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A plan for the future development of New Romney is to be scrapped because of poor public feedback and the risk of soaring costs.
Too few people responded to the questionnaires, and pushing the New Romney’s neighbourhood plan forward with consultants would cost the taxpayer as much as £70,000.
Other plans such as for a new community hall or sports pavilion are separate and are expected to go ahead.
Town clerk Catherine Newcombe said in a statement: “It is with regret that New Romney Town Council will not be proceeding with a neighbourhood plan for the parish.
“But the general consensus of opinion of the majority of councillors was that while it was extremely disappointing to cease the development of a neighbourhood plan for the parish of New Romney, it was a sensible one bearing in mind the need to protect taxpayers’ money.”
Councillors had agreed to give up on the plan at a recent special meeting.
They had received a small number of responses to questionnaires.
Most of those completed were by residents in their 60s and above who said they did not want any change to the parish.
They believed that the lack of public involvement made it unlikely that a plan would be passed by the independent inspector.
The council had also lost their in-house expert, Cllr Michael Cox, who had retired earlier this year. He had been working on the scheme as a retired town planner.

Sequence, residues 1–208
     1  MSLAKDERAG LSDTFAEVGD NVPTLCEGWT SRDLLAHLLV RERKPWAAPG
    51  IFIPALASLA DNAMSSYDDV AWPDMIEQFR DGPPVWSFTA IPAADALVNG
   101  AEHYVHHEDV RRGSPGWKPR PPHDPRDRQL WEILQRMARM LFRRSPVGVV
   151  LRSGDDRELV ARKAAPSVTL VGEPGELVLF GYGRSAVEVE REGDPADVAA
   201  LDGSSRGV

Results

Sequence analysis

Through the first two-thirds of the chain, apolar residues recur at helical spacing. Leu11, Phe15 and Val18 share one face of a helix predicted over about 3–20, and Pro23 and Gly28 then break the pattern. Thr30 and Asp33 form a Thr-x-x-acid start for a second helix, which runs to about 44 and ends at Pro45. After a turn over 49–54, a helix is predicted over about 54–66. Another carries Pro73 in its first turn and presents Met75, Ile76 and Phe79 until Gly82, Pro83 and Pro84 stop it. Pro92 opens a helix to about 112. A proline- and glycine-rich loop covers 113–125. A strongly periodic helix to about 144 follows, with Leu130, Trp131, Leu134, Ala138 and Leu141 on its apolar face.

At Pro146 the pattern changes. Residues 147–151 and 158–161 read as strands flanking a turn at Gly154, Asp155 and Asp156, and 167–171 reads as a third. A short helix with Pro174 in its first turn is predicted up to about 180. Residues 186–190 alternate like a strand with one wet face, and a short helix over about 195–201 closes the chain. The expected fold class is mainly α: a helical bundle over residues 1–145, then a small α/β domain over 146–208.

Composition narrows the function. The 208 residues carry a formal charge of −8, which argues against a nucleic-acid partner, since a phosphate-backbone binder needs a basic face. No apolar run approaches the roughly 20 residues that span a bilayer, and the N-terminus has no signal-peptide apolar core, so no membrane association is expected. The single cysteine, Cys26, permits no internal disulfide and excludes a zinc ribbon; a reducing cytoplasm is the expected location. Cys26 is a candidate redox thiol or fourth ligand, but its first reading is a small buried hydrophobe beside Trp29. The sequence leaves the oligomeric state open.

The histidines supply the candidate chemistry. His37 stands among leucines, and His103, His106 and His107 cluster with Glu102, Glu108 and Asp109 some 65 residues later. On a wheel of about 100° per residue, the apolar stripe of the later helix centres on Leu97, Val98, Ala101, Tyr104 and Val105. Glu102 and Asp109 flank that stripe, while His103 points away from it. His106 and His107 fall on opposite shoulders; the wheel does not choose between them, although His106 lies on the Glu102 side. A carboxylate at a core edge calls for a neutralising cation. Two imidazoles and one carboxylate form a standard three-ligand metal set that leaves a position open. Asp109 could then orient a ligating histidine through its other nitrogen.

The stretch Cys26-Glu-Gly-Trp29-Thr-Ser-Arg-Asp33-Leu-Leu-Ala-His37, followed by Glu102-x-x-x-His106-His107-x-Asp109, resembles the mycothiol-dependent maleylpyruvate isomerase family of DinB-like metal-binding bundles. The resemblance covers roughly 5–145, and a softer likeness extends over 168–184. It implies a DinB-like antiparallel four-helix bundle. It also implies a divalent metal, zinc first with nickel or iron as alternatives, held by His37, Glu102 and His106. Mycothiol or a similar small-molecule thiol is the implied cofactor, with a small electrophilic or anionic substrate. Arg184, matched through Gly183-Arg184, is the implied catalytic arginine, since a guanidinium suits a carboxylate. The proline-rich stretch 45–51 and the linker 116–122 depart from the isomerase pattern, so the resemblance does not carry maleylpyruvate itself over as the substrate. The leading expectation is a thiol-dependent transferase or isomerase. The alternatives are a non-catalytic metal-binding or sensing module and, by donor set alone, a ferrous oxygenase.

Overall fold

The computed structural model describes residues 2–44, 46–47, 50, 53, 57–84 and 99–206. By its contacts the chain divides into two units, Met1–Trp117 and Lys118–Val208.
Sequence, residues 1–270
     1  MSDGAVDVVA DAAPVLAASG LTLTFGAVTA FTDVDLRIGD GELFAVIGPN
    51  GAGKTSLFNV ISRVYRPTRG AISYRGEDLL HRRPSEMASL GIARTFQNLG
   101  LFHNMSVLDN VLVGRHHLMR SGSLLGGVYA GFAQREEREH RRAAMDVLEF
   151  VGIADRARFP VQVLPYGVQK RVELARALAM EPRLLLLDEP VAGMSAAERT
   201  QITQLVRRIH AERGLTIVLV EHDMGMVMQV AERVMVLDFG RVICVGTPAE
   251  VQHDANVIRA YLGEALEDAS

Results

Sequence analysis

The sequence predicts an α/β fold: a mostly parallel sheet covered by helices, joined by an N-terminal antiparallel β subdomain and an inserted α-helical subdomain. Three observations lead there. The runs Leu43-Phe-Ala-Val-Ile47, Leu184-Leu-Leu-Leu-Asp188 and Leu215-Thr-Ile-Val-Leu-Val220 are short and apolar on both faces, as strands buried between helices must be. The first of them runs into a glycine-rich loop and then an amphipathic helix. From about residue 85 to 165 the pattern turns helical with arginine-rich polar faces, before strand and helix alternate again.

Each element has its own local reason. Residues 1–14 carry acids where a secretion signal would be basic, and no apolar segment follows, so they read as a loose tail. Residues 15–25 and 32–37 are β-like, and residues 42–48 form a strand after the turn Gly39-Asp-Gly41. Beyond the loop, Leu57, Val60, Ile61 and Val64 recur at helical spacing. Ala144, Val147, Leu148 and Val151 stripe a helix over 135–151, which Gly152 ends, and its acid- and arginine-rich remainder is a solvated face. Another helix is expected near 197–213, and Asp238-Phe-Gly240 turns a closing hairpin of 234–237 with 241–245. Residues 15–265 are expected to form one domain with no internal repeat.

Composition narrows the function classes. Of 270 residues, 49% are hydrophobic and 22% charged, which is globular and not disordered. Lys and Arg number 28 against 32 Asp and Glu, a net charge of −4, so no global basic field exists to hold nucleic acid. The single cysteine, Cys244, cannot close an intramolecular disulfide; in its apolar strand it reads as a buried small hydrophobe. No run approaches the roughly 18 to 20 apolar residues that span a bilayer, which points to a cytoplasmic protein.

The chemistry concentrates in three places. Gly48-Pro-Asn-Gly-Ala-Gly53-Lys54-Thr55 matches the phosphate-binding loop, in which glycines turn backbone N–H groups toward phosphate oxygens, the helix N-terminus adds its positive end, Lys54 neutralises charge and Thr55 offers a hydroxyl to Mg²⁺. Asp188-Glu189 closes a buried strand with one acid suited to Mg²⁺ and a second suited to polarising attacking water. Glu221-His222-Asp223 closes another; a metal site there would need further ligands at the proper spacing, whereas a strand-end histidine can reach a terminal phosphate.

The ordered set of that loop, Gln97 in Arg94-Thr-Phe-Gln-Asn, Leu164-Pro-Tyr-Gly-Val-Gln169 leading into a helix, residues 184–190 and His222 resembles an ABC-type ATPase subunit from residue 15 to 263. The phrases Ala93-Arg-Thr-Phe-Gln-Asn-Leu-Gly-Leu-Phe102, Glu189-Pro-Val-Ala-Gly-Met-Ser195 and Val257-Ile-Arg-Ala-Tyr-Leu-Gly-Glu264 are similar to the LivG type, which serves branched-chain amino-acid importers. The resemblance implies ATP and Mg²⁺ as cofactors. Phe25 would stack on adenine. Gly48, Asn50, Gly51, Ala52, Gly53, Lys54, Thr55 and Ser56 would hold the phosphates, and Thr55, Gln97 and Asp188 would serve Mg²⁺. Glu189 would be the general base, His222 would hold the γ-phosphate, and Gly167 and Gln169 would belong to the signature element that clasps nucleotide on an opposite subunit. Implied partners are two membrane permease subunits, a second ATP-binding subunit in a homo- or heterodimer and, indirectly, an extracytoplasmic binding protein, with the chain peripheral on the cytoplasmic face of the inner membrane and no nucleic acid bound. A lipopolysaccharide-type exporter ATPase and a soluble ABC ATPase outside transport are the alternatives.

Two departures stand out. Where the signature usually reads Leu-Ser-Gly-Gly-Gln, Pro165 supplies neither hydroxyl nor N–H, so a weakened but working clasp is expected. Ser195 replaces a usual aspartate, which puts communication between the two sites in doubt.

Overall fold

It would cost £20,000 to £70,000 to use a planning consultant in his place, which would have to come directly from parish taxpayers.
The council says details of the plan would also mirror those in the Shepway Core Strategy Local Plan.
It will now ask Shepway District Council’s planning department who should be given the information gathered from the consultation so far.
Ideas from a wish list the council had put out to consultation last autumn, such as High Street improvements, will be used to draft a far smaller community-led document. This would detail possible future projects within the parish.
The council stressed that a scheme for a community hall and/or sports pavilion has not been abandoned as that is on separate document, the Capital Spending Plan.
New Romney had launched a six-week public consultation last October and November, putting forward ideas such as a new community hall and a heritage centre.
The idea of a swimming pool was rejected because the council believed it would not have enough money to build and maintain it.
Local people were consulted through the use of a pop-up shop at the former Nationwide building society branch in the High Street.
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